Susan H. Whiting
POL S 442
Post-1949 government and politics, with emphasis on problems of political change in modern China. Offered: jointly with JSIS A 408.
Description: Is China, now the second largest economy in the world and a growing global power, the newest capitalist wonderland or the next evil empire? Following the U.S. media, it's easy to get confused. This course will help you get beneath media rhetoric about the Middle Kingdom by taking a closer look at the Chinese polity, society, and economy, informed by social science theory. We will address a number of important issues, including 1) the roots of the revolution that led to the establishment of the People's Republic, 2) the human and institutional legacies of a planned economy and Leninist political system, 3) the nature of the transition to a more market-oriented economy, 4) the potential for democratization in a more open polity, 5) the impact of the reforms on the environment, labor, and society more broadly, and, last but certainly not least, 6) Chinese nationalism, China-Taiwan relations, and US-China relations at the beginning of the twenty-first century. Throughout the course you will gain familiarity not only with relevant scholarly literature but also with some of the primary sources on which such scholarship is based.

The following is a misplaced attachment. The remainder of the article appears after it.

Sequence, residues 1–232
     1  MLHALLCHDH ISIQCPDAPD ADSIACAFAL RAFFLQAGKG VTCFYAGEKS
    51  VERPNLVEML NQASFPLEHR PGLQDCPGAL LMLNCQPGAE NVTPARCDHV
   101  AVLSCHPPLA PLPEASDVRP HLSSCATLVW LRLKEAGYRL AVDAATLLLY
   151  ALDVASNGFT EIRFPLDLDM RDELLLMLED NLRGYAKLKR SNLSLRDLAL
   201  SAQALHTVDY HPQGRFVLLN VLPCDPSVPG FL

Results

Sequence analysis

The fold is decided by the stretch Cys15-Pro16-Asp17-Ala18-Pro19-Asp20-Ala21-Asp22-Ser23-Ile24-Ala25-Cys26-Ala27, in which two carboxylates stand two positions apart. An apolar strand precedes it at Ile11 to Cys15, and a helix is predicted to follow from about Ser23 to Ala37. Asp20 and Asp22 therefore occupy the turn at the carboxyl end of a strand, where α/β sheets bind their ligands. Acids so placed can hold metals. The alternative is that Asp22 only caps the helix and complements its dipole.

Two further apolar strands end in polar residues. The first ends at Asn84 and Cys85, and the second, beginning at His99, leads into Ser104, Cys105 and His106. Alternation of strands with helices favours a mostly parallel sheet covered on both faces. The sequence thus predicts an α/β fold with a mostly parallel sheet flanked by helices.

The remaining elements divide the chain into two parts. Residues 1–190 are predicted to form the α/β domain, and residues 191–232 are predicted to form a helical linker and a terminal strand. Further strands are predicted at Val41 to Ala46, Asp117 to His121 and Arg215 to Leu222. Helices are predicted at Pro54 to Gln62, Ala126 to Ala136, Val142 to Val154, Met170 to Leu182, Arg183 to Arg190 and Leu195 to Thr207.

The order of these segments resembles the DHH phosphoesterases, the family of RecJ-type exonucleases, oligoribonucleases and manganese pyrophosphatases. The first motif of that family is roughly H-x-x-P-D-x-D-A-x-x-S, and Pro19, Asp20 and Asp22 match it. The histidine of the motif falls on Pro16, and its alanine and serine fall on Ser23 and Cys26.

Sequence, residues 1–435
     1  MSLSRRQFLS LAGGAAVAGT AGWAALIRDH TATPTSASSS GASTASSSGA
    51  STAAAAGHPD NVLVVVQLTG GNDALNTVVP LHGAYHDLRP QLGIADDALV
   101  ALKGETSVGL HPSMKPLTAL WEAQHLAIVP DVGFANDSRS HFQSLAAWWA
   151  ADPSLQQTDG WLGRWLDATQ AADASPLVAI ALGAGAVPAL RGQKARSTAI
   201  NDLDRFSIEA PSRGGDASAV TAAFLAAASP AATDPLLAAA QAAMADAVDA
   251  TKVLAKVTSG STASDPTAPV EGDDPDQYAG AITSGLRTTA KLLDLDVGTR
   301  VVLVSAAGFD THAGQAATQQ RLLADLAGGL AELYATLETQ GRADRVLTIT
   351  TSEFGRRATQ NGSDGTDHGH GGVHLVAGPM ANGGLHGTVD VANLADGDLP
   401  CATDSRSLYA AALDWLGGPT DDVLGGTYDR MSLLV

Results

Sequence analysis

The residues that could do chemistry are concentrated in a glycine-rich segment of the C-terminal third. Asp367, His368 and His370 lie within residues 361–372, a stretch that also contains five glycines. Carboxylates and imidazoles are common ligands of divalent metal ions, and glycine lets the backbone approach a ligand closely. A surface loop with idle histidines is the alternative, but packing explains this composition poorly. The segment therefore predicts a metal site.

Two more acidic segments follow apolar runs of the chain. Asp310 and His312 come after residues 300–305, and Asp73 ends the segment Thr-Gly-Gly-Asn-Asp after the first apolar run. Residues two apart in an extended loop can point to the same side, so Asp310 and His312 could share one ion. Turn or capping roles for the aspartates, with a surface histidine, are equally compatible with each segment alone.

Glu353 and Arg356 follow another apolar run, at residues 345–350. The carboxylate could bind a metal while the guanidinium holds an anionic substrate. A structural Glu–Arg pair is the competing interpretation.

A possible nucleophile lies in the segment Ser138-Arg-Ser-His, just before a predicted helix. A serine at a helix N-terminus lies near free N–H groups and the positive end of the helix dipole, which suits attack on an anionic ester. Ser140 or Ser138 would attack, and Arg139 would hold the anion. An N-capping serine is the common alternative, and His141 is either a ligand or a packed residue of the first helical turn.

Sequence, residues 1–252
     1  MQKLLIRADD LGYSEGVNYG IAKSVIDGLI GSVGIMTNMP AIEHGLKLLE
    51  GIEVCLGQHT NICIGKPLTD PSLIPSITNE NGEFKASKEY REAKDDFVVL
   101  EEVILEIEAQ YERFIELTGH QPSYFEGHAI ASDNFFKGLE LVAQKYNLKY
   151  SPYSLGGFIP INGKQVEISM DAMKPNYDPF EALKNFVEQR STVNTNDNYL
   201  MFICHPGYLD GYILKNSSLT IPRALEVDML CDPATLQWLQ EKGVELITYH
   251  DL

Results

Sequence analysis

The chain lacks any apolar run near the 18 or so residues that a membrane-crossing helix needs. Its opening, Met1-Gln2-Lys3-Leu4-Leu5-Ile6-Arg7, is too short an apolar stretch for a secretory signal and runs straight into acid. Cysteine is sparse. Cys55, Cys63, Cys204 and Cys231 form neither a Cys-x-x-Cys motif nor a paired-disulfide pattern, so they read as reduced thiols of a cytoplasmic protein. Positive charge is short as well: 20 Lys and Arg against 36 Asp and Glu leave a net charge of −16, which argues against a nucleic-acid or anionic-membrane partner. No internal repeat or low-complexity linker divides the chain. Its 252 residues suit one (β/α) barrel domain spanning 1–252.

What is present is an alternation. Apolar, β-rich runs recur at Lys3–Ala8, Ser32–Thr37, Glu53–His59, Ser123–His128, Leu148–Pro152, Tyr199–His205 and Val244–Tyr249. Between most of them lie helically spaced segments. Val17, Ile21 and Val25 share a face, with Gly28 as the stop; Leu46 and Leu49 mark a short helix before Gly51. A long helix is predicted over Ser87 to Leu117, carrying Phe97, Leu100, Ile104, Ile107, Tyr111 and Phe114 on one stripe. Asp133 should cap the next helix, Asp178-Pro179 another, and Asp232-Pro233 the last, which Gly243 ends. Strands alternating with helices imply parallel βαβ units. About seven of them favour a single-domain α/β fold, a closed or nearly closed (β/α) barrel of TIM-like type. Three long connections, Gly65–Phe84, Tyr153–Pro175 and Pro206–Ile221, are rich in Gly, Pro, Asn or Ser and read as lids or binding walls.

Student learning goals
Students will have a working knowledge of the institutions in state and society in China and how they function
Students will understand how China's modern history shapes current politics and institutions
Students will understand the factors shaping China's political evolution and economic growth.
Students will be exposed to social science theories regarding revolutionary change, nationalism, institutions/institutional change, and democratization
Students will be able to use primary sources as evidence for building and evaluating arguments
General method of instruction
200-level coursework in Political Science, International Studies, or other social science discipline is useful but not required.
Class assignments and grading
Assignments: Course requirements include completion of assigned readings and attendance at class and participation in class exercises, as well as mid-term and final exams, and a term paper.
Grading: class assignments (25%); a midterm exam (25%); a comprehensive final exam (25%); and a term paper not to exceed 10 double-spaced pages in length (25%).